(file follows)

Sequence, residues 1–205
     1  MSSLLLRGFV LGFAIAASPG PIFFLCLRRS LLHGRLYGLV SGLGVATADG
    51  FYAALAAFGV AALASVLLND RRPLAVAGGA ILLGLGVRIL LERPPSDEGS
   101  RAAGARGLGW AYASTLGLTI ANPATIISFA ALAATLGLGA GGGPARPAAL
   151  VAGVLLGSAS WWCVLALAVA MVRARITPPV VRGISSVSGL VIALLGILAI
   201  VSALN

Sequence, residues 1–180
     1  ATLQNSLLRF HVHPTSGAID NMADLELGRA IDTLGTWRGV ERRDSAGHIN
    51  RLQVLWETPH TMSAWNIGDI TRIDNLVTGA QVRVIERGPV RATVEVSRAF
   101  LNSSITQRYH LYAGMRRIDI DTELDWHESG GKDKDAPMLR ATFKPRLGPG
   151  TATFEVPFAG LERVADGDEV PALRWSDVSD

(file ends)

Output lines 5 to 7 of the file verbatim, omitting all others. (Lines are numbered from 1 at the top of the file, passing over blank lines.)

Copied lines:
   151  VAGVLLGSAS WWCVLALAVA MVRARITPPV VRGISSVSGL VIALLGILAI
   201  VSALN

Sequence, residues 1–180